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Utilities seeking to recoup pandemic-related costs and losses need to do it wisely

image credit: image credit: © David S Onassis |

For a company to have a good relationship with its customers, the customers have to feel the company is treating them well.

Electric distribution utilities traditionally have gotten their customers to feel well-treated by reliably providing them with power at rates they feel are reasonable. But although the novel coronavirus pandemic hasn’t affected the utilities' reliability so far, some actions they're taking in response to it may lead to their customers becoming unhappy with their rates. That’s because many utilities that have foregone charging late fees to, or cutting off the power of, customers who are behind on their payments now are asking regulators to let them recoup the money they’ve lost as a result of those practices through rate increases and/or surcharges.

Utilities can hope their requests, like many aspects of the way their rates are set, are complex enough that they make their customers’ eyes glaze over and therefore slip by them unnoticed. Or they can be proactive and package their requests with programs that provide additional aid for their hardest-hit customers, showing the public that they’re willing to make some sacrifices, too.

The effect of the pandemic on power usage can be seen in the June 30 edition of the U.S. Energy Information’s Electric Power Monthly. According to it, U.S. electricity sales in April were down 4 percent from a year ago, electricity sales to the commercial and industrial sectors were down 11 percent and 9 percent respectively, and residential electricity sales were up 8 percent. That means that the restrictions put in place to try to stop the spread of the coronavirus reduced the amount of power consumed by commercial and industrial users enough to lower electricity sales overall even though the amount of power consumed by residential customers increased.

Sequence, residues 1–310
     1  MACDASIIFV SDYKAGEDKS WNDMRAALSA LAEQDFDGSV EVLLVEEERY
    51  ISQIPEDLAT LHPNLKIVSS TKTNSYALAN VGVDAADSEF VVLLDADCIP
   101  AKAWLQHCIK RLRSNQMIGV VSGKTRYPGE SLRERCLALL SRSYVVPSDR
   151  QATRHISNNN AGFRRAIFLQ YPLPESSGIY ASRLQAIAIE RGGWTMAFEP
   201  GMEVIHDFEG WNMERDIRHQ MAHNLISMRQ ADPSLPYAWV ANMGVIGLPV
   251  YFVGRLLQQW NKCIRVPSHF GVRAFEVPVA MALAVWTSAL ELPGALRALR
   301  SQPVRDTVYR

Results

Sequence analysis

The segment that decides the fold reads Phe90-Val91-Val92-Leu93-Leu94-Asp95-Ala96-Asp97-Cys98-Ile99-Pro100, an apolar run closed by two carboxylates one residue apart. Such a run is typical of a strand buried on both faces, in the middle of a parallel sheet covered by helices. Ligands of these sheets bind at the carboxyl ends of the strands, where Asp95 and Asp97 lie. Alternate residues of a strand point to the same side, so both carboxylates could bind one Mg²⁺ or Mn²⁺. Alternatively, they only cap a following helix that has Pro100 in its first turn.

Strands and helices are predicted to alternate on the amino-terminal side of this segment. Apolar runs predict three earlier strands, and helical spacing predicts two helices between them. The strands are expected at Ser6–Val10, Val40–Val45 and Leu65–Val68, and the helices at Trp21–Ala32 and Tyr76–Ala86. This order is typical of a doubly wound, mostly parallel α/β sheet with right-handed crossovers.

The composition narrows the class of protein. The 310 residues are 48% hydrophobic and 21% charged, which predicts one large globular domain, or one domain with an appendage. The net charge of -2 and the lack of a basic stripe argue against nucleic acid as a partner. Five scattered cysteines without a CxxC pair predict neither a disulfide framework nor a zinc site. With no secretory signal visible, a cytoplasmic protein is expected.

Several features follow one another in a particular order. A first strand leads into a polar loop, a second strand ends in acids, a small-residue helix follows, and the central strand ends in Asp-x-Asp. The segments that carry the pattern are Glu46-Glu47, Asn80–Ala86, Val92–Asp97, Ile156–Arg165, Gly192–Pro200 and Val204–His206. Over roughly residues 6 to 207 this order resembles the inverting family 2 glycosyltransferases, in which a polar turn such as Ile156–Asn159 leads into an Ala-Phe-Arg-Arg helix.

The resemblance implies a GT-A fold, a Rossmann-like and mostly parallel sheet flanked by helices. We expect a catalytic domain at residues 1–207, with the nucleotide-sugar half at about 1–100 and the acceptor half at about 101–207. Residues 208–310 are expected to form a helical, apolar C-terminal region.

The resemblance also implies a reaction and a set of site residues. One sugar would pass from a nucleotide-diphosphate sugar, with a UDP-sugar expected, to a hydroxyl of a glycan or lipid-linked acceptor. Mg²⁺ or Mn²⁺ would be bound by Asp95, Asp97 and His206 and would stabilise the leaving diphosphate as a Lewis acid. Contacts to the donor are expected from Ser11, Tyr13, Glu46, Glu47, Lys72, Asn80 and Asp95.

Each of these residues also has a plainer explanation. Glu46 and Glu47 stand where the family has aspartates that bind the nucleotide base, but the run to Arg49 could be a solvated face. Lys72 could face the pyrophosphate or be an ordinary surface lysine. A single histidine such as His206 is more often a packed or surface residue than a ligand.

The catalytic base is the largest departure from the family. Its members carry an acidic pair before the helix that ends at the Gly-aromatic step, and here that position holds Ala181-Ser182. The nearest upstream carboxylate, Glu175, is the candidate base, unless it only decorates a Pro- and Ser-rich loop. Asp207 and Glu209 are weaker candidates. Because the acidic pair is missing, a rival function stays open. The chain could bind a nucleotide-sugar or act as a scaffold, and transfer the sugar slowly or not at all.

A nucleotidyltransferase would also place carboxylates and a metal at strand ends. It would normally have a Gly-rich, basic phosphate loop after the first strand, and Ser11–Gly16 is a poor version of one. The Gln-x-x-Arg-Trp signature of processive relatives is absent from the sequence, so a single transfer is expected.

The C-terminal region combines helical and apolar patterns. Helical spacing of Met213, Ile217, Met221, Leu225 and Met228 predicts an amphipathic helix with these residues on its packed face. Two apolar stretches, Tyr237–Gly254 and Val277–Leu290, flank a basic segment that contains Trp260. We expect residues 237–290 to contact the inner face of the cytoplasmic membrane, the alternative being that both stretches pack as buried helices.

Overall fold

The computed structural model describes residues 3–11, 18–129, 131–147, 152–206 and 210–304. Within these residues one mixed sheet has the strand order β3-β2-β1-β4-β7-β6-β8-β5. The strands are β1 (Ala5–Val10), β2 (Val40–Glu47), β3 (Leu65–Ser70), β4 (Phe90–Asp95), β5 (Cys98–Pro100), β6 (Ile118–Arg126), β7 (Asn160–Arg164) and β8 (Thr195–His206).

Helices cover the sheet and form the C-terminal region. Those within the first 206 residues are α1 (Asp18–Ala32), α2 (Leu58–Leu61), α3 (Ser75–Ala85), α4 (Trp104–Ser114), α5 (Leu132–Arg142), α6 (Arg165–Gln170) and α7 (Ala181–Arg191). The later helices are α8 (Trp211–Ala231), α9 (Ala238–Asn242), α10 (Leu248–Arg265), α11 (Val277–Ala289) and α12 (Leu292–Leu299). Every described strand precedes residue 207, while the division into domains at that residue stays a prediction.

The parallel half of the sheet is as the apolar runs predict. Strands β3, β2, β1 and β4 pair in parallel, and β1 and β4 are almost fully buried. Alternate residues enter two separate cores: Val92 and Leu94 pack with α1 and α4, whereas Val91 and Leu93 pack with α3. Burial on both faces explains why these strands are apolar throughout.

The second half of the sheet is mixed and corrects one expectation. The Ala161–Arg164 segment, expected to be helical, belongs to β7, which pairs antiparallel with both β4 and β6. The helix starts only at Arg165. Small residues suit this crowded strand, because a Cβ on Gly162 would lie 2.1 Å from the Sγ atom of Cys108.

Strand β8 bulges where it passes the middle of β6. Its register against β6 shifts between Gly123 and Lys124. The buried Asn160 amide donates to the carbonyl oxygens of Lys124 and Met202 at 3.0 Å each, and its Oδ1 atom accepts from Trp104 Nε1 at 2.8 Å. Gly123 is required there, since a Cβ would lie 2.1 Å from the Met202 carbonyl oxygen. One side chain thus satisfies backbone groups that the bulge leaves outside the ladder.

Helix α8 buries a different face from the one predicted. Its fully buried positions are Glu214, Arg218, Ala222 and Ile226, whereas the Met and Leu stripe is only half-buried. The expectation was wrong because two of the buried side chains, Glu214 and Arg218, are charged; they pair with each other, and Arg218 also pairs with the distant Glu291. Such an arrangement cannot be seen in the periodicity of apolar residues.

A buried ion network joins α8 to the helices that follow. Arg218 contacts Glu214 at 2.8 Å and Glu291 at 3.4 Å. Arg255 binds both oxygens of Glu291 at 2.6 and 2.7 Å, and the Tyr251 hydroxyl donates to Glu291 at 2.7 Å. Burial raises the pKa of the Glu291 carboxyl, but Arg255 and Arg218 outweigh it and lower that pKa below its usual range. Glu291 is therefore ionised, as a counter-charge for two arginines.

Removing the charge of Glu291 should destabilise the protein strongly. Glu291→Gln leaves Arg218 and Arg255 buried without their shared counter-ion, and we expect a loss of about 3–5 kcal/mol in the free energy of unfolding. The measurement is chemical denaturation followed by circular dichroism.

Of course, the reason for that was that a large part of the country was under stay-at-home orders. And while the people staying at home were using more electricity, many also weren’t working, limiting their ability to pay for their increased power consumption.

To reduce the chance of their citizens’ financial problems becoming deeper and possibly life-threatening, many states forbade their electric utilities from collecting late fees or shutting off power to customers who were behind on their bills. Thirty-four states and Washington, D.C., imposed moratoriums on shutoffs, according to the Energy & Policy Institute, which describes itself as a watchdog group that works to expose attacks on renewable energy. As of June 30, according to the organization, 10 of the moratoriums had expired, eight were slated to expire this month and three were scheduled to end in August. (In some states that didn’t impose moratoriums, such as New Jersey, utilities stopped collecting late fees and shutting off power on their own.)